@73 - "Not really, the trussed arch is a fundamental hallmark of small bridge design."

maybe this crossing required something other than a small bridge.

i'm not saying that the bridge design was at fault *legally*. the actual clearance even at the lowest point should have been anticipated after the advance car hit it with enough distance to stop.

but a bridge taking that much traffic over it each day should be built so that even the worst negligence won't destroy it, because that kind of negligence is inevitable given enough time and the consequences far too dangerous to not design around it.
Posted by striatic on May 23, 2013 at 10:03 PM · Report this
76
@56: many truss bridges are built such that if part of the truss fails, additional parts will start to fail, leading to a total collapse.

If you want to learn more, read about the collapse of the Silver Bridge in 1967.
http://en.wikipedia.org/wiki/Silver_Brid…
Posted by midwaypete on May 23, 2013 at 10:04 PM · Report this
lauramae 77
While it seems clear to many that it was a truck who hit a girder, why didn't it hit the others as it traveled South on the Bridge?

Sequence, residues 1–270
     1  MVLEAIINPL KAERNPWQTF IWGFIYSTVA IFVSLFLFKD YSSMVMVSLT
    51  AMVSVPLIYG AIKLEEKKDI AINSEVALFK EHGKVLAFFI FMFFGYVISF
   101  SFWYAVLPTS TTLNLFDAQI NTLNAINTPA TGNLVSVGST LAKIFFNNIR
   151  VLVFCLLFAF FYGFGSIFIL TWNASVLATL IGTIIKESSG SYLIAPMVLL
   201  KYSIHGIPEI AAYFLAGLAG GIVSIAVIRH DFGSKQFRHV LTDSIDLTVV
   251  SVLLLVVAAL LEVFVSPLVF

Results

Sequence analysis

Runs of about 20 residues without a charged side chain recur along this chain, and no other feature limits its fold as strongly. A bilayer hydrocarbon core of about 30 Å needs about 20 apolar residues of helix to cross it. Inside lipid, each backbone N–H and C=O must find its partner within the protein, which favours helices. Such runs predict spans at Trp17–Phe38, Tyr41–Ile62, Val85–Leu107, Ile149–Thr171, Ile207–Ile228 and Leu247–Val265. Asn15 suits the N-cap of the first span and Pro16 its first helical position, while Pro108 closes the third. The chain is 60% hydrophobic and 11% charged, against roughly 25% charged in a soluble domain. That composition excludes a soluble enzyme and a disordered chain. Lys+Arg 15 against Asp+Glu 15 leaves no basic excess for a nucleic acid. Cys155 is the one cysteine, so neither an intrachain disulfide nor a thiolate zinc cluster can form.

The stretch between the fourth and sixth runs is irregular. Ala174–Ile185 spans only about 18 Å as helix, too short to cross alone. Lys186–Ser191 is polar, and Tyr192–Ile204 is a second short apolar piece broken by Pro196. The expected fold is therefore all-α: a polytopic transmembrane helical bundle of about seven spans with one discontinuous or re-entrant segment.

Posted by lauramae on May 23, 2013 at 10:07 PM · Report this
striatic 78
@77 "While it seems clear to many that it was a truck who hit a girder, why didn't it hit the others as it traveled South on the Bridge?"

conceivably after seeing the pilot car hit the railing, it began the process of changing lanes over to the area were the arch is higher.

according to the eyewitness, so long as they were in that lane and not the other, there would be enough clearance for their load.

so they could have switched lanes in response or in in advance of hitting the truss and continued safely along the length of the bridge.
Posted by striatic on May 23, 2013 at 10:13 PM · Report this
79

I-5 #SkagitBridge collapse view from I-5 (Rick Lund /ST) twitter.com/SeaTimesPhoto/

— Seattle Times Photo (@SeaTimesPhoto) May 24, 2013

Posted by elaineinballard on May 23, 2013 at 10:14 PM · Report this
80
Damn, I don't know how to embed a tweet.
https://twitter.com/SeaTimesPhoto/status…
Posted by elaineinballard on May 23, 2013 at 10:15 PM · Report this
Just Jeff 82
End of live slog at 9 when no fatalities declared? What a bunch of mainstream ghouls LSloggers have apparently become. Nobody dead, so we're done reporting.